"When you look at our medical response to Ebola, you see that it was built on years of investments in our programs in infectious diseases and biosafety, a close relationship with CDC, bringing world-class hires onto our faculty, and attracting grants that together allowed us to be able to say 'yes' to these patients when they needed help," says David Stephens, vice president of research at Woodruff Health Sciences Center, who co-chairs the Emory Ebola Task Force. The task force has brought together experts from across the university to consider biosafety, infection control, preparedness and response, research, education, crisis communication, ethics, and institutional policies on travel.

Practice, practice, practice

In 2002, when the U.S. Centers for Disease Control and Prevention (CDC) contracted with Emory to build a special isolation unit for handling potential infectious diseases that its staff might encounter, Bruce Ribner helped set up the protocols and procedures. Twice a year for the 12 years since, Ribner, medical director of Emory Hospital's Serious Communicable Disease Unit, has run drills with health care teams to prepare for such an emergency outbreak. He was named recently as a TIME magazine person of the year.

Still, "if all we had done was train twice a year for 12 years, we wouldn't have been ready," says Susan Shapiro, associate dean of the Nell Hodgson Woodruff School of Nursing. "Our work began years ago with the adaptation of the Care Transformation Model." One of the goals articulated in Emory Healthcare's strategic plan, this model eschews a typical hierarchic structure for delivering care and instead draws on teams with wide-ranging expertise -- doctors, nurses, social workers, chaplains, pharmacists, ethicists, and others with special expertise.

In addition to five physicians, 21 nurses, and a host of supportive staff who served on the team were spiritual care colleagues, led by George Grant, executive director for spiritual health across Emory Healthcare. "Rather than firefighters on the periphery, we were central to the preparation, sustainment, and engagement of the whole team," Grant says. A cadre of chaplain residents took care of the caregivers 24/7, giving them relief and respite from the inherent stress associated with treating such a dangerous infection. They introduced supportive programming for the staff, patients' families, and when they began to recover, the patients themselves. They also worked outside the unit alongside other staff chaplains to reassure the other 590 patients in the hospital that they were safe. "Emory ministered to these patients both physically and spiritually," Grant says.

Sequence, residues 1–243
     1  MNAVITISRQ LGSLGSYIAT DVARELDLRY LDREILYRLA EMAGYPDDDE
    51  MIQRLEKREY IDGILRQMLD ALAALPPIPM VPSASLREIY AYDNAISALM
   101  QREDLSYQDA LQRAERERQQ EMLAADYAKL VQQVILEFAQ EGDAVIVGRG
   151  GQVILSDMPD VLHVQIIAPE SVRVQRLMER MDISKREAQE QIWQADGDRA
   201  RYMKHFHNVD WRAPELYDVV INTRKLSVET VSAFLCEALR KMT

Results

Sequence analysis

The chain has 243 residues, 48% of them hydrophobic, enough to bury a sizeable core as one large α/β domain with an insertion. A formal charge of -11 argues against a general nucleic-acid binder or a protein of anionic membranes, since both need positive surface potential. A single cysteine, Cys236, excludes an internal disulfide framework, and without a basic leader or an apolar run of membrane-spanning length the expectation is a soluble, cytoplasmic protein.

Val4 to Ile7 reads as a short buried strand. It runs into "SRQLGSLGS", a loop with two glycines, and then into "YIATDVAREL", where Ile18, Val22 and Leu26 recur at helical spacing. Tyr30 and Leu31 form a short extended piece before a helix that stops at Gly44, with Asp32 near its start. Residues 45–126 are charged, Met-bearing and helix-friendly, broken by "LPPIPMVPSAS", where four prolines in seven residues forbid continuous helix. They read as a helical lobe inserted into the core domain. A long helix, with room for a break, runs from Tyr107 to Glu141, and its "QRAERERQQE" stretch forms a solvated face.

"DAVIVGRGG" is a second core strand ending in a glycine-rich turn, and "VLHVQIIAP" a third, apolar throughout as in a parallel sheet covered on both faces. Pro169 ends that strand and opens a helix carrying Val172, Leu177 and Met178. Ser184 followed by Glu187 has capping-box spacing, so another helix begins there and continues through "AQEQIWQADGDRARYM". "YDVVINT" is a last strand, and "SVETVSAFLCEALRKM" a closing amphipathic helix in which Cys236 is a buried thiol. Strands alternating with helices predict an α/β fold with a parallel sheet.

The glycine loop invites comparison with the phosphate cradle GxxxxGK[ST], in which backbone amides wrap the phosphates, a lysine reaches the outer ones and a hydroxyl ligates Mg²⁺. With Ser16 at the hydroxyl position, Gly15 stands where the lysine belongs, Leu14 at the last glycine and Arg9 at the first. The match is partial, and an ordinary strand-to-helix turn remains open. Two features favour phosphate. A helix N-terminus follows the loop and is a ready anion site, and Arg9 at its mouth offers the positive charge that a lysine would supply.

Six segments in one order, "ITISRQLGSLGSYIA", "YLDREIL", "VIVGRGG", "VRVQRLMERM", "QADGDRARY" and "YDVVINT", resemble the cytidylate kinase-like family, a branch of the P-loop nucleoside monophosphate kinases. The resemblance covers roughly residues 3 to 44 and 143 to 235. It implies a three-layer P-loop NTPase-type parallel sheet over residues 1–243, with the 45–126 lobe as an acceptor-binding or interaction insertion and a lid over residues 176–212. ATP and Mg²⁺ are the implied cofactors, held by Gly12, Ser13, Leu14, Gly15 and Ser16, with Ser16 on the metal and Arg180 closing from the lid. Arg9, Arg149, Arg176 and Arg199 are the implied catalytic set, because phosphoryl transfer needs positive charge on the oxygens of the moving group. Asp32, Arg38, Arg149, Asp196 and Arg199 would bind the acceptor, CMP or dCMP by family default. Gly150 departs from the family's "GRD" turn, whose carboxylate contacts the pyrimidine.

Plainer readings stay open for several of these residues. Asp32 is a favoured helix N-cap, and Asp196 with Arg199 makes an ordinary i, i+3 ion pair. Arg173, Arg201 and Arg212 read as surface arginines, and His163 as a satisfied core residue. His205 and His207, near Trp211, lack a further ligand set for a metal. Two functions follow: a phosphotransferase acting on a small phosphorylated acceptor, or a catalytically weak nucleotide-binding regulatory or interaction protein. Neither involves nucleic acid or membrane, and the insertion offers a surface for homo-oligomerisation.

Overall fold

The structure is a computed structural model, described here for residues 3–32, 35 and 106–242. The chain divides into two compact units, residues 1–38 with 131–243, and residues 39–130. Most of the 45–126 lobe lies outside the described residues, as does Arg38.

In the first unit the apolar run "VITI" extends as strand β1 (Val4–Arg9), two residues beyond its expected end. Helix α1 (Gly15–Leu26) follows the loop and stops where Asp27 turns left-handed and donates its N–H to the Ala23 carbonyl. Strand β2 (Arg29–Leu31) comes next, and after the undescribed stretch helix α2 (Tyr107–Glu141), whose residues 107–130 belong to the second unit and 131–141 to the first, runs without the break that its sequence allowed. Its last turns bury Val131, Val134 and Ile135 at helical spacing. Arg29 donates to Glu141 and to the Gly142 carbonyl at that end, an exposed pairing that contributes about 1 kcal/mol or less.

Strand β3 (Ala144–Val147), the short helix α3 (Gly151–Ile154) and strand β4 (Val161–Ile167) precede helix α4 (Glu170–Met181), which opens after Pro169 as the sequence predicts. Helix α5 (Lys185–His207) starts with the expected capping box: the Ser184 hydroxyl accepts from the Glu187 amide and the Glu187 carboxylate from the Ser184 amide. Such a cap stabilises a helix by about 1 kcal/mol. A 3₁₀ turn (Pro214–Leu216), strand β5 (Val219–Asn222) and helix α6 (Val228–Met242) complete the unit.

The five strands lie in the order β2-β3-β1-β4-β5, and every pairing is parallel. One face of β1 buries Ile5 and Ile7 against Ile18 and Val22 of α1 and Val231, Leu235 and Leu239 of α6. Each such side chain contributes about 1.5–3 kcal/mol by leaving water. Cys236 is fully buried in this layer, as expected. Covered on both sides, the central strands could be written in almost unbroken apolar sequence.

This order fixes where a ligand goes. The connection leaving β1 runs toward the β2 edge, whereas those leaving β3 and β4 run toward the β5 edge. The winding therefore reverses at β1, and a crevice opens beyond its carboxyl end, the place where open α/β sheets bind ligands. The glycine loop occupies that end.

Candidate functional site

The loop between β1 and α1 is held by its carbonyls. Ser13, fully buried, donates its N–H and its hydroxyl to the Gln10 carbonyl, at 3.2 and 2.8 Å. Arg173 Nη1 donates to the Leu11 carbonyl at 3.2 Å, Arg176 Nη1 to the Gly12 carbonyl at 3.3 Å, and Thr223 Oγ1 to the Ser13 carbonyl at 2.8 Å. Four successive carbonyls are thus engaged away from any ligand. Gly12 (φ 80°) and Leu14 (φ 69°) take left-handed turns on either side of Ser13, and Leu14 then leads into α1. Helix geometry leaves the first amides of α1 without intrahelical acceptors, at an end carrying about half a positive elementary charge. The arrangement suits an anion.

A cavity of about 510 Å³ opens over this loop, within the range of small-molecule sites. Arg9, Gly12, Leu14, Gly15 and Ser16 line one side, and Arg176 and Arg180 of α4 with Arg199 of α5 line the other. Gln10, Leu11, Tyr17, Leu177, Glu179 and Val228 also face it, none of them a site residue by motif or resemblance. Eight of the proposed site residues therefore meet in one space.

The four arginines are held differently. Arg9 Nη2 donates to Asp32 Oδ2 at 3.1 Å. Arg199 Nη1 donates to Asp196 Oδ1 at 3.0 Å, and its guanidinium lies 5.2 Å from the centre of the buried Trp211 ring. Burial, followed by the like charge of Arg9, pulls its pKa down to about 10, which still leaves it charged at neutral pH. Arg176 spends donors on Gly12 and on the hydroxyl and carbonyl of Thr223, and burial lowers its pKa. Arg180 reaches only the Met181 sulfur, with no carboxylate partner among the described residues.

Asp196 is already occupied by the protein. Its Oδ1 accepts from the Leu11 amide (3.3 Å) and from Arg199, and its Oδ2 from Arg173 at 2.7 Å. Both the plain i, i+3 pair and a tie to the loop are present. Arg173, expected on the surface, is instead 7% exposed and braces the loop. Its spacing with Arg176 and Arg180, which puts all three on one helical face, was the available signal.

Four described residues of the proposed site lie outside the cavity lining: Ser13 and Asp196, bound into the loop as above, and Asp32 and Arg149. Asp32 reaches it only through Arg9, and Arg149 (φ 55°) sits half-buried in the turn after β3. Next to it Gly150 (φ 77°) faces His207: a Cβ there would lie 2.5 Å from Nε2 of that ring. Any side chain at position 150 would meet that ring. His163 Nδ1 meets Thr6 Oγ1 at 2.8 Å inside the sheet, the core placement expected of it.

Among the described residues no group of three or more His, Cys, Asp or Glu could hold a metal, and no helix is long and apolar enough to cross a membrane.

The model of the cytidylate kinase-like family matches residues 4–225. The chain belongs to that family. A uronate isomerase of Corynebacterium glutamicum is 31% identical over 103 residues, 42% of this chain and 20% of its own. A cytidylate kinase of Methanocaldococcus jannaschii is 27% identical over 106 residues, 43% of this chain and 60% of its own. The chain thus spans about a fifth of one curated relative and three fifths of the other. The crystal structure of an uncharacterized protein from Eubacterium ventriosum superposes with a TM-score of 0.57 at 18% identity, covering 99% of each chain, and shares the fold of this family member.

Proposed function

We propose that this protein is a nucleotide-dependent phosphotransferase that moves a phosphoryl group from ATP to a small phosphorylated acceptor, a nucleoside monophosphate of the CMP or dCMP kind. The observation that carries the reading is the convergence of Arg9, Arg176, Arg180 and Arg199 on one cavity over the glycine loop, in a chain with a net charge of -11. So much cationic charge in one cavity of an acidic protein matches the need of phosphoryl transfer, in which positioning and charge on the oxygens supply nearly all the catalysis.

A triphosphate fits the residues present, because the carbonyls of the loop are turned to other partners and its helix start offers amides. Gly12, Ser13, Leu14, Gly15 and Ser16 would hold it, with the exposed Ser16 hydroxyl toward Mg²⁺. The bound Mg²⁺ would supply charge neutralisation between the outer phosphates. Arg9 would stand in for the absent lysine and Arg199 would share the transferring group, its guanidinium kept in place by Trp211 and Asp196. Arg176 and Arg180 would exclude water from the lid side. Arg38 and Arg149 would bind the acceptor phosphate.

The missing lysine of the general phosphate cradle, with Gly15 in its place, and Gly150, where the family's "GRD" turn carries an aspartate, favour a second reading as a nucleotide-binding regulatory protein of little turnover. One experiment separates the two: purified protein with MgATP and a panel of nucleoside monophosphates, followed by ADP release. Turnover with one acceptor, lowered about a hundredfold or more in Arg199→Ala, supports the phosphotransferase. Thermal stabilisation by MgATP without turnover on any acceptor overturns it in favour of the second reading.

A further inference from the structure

Beyond the isolation unit

Ebola did escape containment from the isolation unit at Emory but not in the ways that some had feared. Instead the epidemic has spread throughout the curriculum. A class on Complex Humanitarian Emergencies taught by Elizabeth Downes has connected nursing and public health students via Skype with CDC nurses in Liberia to share the boots-on-the-ground perspective. Ebola has been the subject of grand rounds in medical and public health departments. And faculty and students are exploring associated ethical questions in classes campus-wide, including in the Emory Center for Ethics.

Director Paul Wolpe lists a few of these: What is our responsibility as health care leaders, as a university, and as individuals with relative privilege to respond to local and international crises? How should Emory position itself as a leader of Ebola treatment in the United States? As an institution of higher education, what structures do we need to protect our people -- students, health care staff, and faculty -- who want to go to West Africa to volunteer? "Everyone on the Task Force has taken these questions very seriously," Wolpe says.